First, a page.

Immunohistochemical characterization of lymphocytes in uninflamed ventricular myocardium: Implication for myocarditis

James Linder, R. S. Cassling, W. C. Rogler, J. E. Wilson, Rodney Smith Markin, Thomas Delbert Sears, B. M. McManus

Research output: Contribution to journalArticlepeer-review

49 Scopus citations


Evaluation of endomyocardial biopsy specimens for lymphocytic myocarditis requires accurate identification of lymphocytes, a task at times difficult considering that other myocardial interstitial cells mimic lymphocyte morphology. To wit, the number of mononuclear cells present in normal (uninflamed) myocardium has remained in doubt. We studied the myocardium from hearts that were obtained at autopsy and transvenous endomyocardial biopsy specimens with monoclonal antibodies and immunohistochemical stains to determine the normal numbers and distribution of lymphocytes in uninflamed hearts. In the ventricular myocardium of hearts obtained at autopsy, total immunohistochemically marked lymphocytes averaged 3.6/sq mm, with most being T-cell marker-positive. The ratio of T-helper to T-suppressor-cytotoxic (OKT-4:OKT-8) cells was 1.44. The number of myocardial lymphocytes demonstrated by immunohistochemical staining correlated well with, but was consistently less than, the number obtained by quantitative light microscopic studies on unmarked samples. Thus, the immunohistochemical technique allows for objective enumeration of cells and provides avenues for quantitation of lymphocyte subpopulations in inflamed hearts.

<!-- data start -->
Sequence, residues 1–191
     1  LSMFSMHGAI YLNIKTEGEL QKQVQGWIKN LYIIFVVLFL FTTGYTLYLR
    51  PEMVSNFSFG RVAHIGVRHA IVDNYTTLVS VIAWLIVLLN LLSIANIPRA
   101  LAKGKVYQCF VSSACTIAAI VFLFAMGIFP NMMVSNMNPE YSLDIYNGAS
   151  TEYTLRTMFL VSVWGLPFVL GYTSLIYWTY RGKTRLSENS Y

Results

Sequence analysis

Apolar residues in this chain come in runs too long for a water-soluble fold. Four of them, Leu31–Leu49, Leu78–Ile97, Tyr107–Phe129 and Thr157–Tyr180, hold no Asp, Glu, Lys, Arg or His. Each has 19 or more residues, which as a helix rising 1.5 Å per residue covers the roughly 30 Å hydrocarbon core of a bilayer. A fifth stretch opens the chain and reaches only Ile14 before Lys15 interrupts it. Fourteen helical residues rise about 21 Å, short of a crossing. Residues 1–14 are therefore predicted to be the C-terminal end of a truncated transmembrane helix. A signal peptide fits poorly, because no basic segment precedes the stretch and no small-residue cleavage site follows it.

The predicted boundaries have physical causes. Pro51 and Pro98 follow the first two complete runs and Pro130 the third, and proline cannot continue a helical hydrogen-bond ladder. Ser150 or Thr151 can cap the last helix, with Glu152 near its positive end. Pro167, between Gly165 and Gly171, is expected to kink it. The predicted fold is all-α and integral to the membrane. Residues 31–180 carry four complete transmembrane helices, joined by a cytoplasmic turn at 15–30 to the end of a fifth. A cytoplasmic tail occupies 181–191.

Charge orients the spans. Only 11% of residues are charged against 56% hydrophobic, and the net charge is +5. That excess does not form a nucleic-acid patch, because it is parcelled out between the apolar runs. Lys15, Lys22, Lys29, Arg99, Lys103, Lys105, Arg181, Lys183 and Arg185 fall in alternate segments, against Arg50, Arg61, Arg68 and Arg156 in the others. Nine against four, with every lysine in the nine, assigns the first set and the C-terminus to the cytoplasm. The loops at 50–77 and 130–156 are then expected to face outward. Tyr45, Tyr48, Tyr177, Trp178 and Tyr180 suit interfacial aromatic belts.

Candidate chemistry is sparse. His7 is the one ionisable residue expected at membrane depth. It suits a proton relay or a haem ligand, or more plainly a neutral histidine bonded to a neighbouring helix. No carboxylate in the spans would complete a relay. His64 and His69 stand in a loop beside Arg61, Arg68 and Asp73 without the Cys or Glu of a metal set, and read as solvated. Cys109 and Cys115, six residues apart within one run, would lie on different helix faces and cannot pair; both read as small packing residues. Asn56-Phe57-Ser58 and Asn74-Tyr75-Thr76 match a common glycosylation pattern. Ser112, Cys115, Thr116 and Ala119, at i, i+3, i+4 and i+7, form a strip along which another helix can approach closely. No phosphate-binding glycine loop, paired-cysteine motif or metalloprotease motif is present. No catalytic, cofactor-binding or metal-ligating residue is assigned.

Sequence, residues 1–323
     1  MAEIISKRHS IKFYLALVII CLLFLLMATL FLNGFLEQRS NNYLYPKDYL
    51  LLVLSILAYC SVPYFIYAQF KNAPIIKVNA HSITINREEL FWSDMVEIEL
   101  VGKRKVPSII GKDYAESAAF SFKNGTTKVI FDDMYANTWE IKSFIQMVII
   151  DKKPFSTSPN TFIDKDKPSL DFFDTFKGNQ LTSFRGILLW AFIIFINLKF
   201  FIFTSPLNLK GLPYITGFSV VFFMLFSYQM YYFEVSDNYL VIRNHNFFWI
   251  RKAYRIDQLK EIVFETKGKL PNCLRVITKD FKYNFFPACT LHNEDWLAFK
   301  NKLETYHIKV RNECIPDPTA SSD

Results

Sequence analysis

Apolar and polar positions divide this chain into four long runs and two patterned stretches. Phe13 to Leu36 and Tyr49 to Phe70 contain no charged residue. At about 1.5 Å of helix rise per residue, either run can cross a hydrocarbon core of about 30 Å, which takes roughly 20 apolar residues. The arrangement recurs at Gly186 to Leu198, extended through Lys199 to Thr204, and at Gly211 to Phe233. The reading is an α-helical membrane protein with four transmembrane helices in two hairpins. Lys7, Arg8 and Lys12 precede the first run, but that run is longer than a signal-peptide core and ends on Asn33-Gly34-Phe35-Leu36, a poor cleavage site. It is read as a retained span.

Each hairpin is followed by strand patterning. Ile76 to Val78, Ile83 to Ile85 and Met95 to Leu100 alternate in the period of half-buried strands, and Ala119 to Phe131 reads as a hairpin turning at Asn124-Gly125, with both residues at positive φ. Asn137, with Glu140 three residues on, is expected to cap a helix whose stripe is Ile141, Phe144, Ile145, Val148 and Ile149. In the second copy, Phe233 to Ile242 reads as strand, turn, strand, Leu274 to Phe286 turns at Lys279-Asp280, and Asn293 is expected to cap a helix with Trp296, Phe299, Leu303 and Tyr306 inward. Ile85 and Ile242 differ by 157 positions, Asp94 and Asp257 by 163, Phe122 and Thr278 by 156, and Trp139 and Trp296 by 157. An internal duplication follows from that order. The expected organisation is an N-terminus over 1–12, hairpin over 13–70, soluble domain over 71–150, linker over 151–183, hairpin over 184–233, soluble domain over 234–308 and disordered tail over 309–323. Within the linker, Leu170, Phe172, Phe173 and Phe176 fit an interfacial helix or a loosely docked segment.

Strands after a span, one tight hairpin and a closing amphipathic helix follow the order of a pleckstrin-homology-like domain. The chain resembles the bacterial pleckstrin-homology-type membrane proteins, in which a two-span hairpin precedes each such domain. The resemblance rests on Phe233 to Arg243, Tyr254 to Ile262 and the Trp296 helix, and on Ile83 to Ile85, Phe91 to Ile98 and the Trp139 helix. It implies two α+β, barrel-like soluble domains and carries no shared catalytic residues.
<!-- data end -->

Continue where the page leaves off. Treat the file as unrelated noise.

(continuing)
Original languageEnglish (US)
Pages (from-to)917-920
Number of pages4
JournalArchives of Pathology and Laboratory Medicine
Issue number10
StatePublished - 1985

ASJC Scopus subject areas

  • Pathology and Forensic Medicine
  • Medical Laboratory Technology


Dive into the research topics of 'Immunohistochemical characterization of lymphocytes in uninflamed ventricular myocardium: Implication for myocarditis'. Together they form a unique fingerprint.

Cite this